My previous ” Pottery in Archaeology ” post began with the Neolithic period. In that post I hoped to encourage the beginner who is interested in archaeology and wishes to study ancient pottery. Pottery helps the archaeologist to build up a picture of how our ancestors lived many years ago, such as the residue still evident inside a cooking pot, this can tell us what the last meal had been. I will now move on to the next phase and talk about the pottery in:-
THE BRONZE AGE
This period can be sub-divided into an earlier phase (2300 to 1200 BC) and a later one (1200-700) Beaker pottery appears in England around (2475-2315 BC) along with burial practices of inhumation. Early Bronze Age people buried their dead beneath earth mounds known as barrows often with a beaker pot alongside the body.
Later in the period, cremation was adopted as a burial practice with cemeteries of urns containing cremated individuals appearing in the archaeological record. People of this period were also mostly responsible for the building of many well known prehistoric sites such as the later phases of Stonehenge.
The Bronze Age people lived in round houses and divided up the landscape.Evidence of stone rows can be seen,for example, Dartmoor. It is believed that “Beaker People” were a race of people who migrated to Britain en masse from the continent,however this is still debatable.
BRONZE AGE POTTERY
EARLY STYLE BEAKERS so called after the beaker people reached Britain as fine well made vessels with “S” shaped profiles and in a red fabric (the prepared clay with which the vessel was made) Two basic forms of early beakers found in Britain can be recognised by their decoration and the fact that the belly of the pot is quite low down, the decoration consisting of circling lines of twisted cord and tooth combed impressions.
MIDDLE STYLE BEAKERS are more decorative though the technique is still much the same as the early style. For example, the decorated zones become much broader, the shape of the vessel also alters with more emphesis placed on the difference between the neck and the belly of the pot. The belly of the pot becomes slightly higher up the body and the neck of the pot itself eccentuated. Also in the middle period the fingernail decorated beakers begin. These fingernail decorated pots can be either fine or course and are most commonly found in domestic assemblages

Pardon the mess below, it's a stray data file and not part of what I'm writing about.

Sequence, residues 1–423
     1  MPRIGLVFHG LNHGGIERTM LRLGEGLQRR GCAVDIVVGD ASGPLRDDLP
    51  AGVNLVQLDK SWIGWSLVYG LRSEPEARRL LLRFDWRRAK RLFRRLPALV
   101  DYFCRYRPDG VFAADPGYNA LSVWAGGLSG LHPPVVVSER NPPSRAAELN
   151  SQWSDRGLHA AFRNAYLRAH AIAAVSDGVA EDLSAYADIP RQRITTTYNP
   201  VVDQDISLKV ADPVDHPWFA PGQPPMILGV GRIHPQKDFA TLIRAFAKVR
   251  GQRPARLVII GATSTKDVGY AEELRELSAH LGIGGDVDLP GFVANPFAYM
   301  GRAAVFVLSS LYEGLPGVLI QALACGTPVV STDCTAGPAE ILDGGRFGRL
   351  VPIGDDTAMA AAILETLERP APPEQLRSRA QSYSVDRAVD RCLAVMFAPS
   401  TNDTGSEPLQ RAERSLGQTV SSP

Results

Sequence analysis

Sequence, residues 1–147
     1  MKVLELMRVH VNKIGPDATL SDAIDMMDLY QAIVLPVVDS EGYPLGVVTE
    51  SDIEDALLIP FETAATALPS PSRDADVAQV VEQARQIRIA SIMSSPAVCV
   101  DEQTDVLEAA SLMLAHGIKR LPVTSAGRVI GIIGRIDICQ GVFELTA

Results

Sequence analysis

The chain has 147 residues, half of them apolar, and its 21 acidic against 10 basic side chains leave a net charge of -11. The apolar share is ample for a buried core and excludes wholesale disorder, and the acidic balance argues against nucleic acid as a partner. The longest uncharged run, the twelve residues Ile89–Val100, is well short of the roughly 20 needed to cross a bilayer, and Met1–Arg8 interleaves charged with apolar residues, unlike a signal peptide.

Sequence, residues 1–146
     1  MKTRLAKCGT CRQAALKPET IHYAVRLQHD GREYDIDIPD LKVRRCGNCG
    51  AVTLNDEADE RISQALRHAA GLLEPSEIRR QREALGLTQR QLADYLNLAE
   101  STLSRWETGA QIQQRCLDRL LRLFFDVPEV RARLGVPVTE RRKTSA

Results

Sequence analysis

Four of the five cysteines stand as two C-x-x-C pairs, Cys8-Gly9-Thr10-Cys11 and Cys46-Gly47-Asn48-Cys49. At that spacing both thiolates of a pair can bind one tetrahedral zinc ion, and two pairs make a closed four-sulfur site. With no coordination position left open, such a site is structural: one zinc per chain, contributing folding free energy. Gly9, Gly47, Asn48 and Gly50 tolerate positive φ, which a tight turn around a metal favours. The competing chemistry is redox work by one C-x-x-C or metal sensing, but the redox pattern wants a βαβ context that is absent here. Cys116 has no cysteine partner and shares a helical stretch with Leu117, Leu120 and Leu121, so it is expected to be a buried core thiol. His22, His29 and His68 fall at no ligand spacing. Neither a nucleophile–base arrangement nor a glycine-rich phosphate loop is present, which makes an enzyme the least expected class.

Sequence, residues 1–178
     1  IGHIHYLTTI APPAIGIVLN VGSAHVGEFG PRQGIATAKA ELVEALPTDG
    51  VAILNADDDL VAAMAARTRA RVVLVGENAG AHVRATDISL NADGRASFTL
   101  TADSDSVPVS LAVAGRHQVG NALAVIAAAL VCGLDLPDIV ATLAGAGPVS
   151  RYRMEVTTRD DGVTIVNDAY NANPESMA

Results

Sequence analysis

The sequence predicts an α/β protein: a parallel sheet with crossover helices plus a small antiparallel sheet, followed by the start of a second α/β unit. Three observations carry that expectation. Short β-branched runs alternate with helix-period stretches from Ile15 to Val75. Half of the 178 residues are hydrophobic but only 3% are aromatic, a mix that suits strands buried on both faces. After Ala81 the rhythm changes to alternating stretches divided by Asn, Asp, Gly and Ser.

LATE STYLE BEAKERS. The neck of the late style beakers is now eccentuated as well as elongated and the body more bulbous. Ribbed and cordoned decoration as well as combed or incision. Fingernail decoration increases in frequency and size.
Below is a guideline of shapes and decoration for Bronze Age Beakers.
Figs 1-2 Early Style Beakers Figs 3-4 Early-Middle Style
Figs 5-6 Middle Style Beakers Figs 7-9 Late Style Beakers
Fig 10 Late Style Handled Beaker
Fig 11 Finger Rusticated Decoration
FOOD VESSELS AND FOOD VESSEL URNS
A variety of regional forms have been identified. Overall there are two main divisions between bowl and vase form, the latter preferred in the south of Britain and the former in the North and the West country. Decoration in the North frequently covers the whole of the pot whereas in the South the decoration is confined to the upper part of the vessel.
Of the vase food vessels,the simplest form is a bipartite vase with moulded rim.The decoration may cover the whole vessel or may be restricted to the upper half including the rim and the rim bevel.
BRONZE AGE COLLARED URNS
Collared urns retain there Peterborough derived decoration in the form of incision,whipped and plaited cord, stabs and comb impressions,the latter most likely derived from beakers. Herringbone motifs are popular as are triangles,encircling line and lattice motifs. Crescents of twisted cord impressions decorate the shoulder of the pot.
Below is a small guideline of shapes and decoration of the Collared Urns.
Figure l – Etal Moor Northumberland Figure 2 – Stonebridge Northumberland
Figure 3 – Brighton East Sussex. Figure 4 -Cliviger Lancashire
Figures 5 and 6 Etel Moor Northumberland
The Bronze Age Collared urns vary from region to region as do most of the historical pottery found on archaeological sites. If there is an’ Historical Society’ in your region thats a good place to begin if you wish to further this interest. Also libraries are another source.